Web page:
curl https://api.github.com/user/codespaces/monalisa-monalisa-octocat-1337h4x0r/stop \
  -H "Authorization: token <Personal Access Token>" \
  -X POST

We also know that security and privacy are critical, and we've gotten a lot of feedback on providing additional visibility options for forwarded ports beyond public and private. Today we're launching a third option: org visible ports, which are accessible to any user in the organization the codespace has been created in. This is great for securely collaborating with your teammates on new and exciting features in your codespaces.

# Make port 80 visible to all users in an org
gh codespace ports visibility 80:org -c monalisa-monalisa-octocat-1337h4x0r

Continuing with security improvements, we have also heard from developers having difficulty launching codespaces from devcontainers stored in private container registries. To make this easier, we are offering streamlined access to containers stored in the GitHub Container Registry; you no longer have to provide a Personal Access Token (PAT).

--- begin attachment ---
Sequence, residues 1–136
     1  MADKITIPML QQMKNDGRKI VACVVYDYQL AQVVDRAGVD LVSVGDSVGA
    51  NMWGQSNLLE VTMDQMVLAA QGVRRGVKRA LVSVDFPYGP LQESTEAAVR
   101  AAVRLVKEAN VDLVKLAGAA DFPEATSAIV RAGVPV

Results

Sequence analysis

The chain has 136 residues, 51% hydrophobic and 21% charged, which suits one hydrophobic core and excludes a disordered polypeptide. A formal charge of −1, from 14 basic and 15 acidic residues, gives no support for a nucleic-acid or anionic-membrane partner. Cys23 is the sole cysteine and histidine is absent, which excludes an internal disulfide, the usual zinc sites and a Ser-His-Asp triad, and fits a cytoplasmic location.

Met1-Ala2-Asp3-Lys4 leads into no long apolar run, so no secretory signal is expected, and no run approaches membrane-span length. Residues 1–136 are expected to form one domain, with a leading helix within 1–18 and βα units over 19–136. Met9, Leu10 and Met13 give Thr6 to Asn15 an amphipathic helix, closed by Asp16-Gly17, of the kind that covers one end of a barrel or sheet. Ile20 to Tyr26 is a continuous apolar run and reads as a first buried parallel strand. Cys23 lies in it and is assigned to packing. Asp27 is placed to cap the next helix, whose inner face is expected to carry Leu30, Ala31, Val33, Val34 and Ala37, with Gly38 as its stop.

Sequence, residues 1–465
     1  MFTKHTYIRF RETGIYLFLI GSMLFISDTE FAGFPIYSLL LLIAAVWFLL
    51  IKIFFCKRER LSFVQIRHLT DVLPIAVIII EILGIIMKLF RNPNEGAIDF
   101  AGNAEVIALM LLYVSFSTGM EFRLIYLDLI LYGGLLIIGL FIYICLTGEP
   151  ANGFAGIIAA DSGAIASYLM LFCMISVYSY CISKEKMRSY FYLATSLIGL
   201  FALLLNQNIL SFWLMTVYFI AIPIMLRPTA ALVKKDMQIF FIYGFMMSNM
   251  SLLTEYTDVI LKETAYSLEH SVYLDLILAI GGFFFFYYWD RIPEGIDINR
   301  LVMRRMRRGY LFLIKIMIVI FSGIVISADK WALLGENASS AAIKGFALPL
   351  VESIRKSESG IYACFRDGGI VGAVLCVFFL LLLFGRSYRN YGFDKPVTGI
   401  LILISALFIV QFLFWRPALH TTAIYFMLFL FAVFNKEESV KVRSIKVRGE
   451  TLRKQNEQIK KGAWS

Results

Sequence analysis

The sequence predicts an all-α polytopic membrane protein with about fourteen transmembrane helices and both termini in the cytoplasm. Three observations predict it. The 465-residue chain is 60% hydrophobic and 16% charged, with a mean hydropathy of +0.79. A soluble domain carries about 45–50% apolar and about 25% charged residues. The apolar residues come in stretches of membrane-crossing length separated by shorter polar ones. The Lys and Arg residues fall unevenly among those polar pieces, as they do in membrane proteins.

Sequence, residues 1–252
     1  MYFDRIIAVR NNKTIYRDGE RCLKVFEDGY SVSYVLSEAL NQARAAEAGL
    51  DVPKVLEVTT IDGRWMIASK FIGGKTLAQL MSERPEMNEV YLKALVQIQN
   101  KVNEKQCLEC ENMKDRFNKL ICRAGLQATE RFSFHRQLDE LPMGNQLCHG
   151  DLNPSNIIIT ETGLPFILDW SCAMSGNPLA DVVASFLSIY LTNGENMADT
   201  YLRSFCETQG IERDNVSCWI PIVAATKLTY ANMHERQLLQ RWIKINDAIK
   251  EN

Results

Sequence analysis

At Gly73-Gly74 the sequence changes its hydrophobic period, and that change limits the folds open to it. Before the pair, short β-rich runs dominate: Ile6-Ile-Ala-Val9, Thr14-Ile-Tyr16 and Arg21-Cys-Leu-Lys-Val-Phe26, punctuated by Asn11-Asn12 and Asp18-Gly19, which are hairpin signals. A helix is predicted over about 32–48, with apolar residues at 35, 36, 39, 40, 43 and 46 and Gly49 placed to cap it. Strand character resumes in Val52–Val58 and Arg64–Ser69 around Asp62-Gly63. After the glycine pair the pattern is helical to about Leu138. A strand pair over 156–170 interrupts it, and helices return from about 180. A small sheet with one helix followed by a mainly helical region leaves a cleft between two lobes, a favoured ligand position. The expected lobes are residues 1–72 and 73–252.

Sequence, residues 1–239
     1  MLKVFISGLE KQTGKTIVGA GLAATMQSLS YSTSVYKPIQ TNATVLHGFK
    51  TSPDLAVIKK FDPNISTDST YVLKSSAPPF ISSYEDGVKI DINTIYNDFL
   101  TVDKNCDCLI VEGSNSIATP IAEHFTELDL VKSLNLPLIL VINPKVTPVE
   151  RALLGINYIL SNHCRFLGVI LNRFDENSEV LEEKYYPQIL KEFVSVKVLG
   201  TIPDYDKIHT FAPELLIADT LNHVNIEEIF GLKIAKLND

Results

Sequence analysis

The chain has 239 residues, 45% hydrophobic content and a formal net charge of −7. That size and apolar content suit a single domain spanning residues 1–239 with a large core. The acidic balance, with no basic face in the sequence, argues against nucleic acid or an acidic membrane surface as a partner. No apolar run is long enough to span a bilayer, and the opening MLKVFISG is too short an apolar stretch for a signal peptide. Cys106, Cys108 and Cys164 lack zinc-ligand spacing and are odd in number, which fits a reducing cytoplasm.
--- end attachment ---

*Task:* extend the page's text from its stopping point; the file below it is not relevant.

Speaking of devcontainers, we know that there's a wide gap between using a predefined devcontainer and building a custom devcontainer. To help make that transition a little easier, we're launching the ability to extend devcontainers with features, which include shells, package managers, programming languages, and other common tools. For example, adding Terraform to a supported base image is as easy as adding the following to your devcontainer.json.

"features": {
  "terraform": "latest"
}

If you have any feedback about these features, or Codespaces in general, we'd love to hear from you!

Learn more about all our newly released features:

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GitHub CLI 1.9 allows you to work with GitHub Actions in your terminal:

  • List and view workflows and runs with gh workflow list, gh workflow view, gh run list, and gh run view
  • View the logs for a particular run with gh run view --log
  • View the logs for runs with jobs that failed with gh run view --log-failed
  • Download run artifacts with gh run download
  • Re-run runs with failed jobs using gh run rerun
  • Watch runs in progress using gh run watch
  • Trigger workflows with the workflow_dispatch event using gh workflow run
  • Enable and disable workflows with gh workflow enable and gh workflow disable

Learn more about GitHub CLI and check out the blog post to learn more about this release.